Because we forget what it means to lead. We’ve all had asshole bosses and we instinctually recognize the difference between bossing and leading. The truth? Some folks are just better leaders than others. While backstage at The Goodman, I saw a talented director lead. Actors were given specific direction, yet in a way that allowed each actor to make it his or her own. I heard praise. I heard laughter. I felt that everyone in the room, whether they were working at that moment or not, was present. When’s the last time you were in a room where everyone fucking showed up? Great directors and leaders collaborate. We forget what that’s like sometimes until we see it happening before our very eyes. At that moment, all we can think is, “I can do better and I want to work with people who are in pursuit of better together.”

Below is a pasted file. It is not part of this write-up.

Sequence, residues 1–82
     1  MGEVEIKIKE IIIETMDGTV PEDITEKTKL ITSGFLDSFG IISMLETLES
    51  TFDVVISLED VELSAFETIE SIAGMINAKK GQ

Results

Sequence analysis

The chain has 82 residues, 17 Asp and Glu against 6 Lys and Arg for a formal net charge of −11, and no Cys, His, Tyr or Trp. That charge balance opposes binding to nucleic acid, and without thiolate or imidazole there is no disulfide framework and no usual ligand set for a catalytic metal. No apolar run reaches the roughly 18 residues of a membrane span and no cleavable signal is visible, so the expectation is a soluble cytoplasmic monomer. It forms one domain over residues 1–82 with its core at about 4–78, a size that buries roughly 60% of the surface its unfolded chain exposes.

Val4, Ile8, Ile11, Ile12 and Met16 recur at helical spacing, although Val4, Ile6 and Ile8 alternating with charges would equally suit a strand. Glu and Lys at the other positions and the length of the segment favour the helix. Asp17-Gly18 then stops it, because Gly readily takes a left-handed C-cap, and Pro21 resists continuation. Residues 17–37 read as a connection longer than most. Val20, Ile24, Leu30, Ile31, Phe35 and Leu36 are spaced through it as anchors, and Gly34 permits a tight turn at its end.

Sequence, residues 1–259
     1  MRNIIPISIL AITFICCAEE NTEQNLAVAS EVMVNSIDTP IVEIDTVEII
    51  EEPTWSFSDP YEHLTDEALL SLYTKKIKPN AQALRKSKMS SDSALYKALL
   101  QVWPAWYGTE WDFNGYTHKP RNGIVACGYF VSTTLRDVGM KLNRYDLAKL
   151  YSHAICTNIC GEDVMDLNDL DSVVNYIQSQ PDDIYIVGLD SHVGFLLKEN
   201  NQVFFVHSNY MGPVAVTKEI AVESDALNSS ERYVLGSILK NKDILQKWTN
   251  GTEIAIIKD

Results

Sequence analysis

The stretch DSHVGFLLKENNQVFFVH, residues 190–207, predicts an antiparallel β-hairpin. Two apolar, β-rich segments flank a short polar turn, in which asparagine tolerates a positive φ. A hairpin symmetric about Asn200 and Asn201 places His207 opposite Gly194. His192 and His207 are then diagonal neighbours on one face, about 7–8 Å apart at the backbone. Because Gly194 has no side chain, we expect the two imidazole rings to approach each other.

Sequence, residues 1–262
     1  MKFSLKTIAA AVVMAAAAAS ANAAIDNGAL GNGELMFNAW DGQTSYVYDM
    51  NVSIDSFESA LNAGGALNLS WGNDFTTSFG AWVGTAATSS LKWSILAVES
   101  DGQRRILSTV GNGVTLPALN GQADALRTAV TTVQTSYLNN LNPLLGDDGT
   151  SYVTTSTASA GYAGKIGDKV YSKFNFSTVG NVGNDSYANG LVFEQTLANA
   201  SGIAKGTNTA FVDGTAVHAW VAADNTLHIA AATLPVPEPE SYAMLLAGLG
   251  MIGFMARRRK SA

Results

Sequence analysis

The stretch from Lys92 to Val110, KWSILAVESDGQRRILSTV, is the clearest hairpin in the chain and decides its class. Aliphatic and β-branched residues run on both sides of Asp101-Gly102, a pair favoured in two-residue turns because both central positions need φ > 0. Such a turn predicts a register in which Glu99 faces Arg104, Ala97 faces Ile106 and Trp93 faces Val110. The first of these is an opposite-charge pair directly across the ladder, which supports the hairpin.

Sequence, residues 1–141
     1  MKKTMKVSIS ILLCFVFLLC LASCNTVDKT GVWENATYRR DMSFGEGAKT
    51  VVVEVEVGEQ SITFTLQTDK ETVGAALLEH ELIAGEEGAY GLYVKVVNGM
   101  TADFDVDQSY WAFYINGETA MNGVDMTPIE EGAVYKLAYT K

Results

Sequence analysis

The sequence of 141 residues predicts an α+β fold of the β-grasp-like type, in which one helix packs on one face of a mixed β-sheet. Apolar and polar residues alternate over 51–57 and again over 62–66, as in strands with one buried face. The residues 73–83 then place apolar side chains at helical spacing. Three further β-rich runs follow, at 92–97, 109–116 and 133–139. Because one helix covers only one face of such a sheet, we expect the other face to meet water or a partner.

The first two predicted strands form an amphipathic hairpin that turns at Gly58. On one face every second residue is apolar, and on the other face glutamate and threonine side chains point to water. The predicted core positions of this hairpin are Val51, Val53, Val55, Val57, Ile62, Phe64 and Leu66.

Because we forget that no one is “more important.” The lead actress in “The Upstairs Concierge” is a comedic dynamo named Tawny Newsome. She’s commanded the Main Stage at The Second City for the past couple of years and is truly a treat to watch in action. Hell, this play was written as a vehicle for her by the playwright. But, dear sweet Jesus painted on velvet — during the rehearsal, there was no hint that she was the “lead” or “star” or any sort of pretentious bullshit like that. It’s comedy, which is all about timing (seriously). And more importantly, it’s an ensemble production, not a solo show. How much better would our performances, businesses, and frankly, lives be if we stepped alongside those who allow us to do what we love instead of feeling as if we have to be two steps ahead all the damn time? No one is more important. A show can’t go up without the whole cast and crew. Your life and business have a cast and crew of their own. Check in with that shit. Often.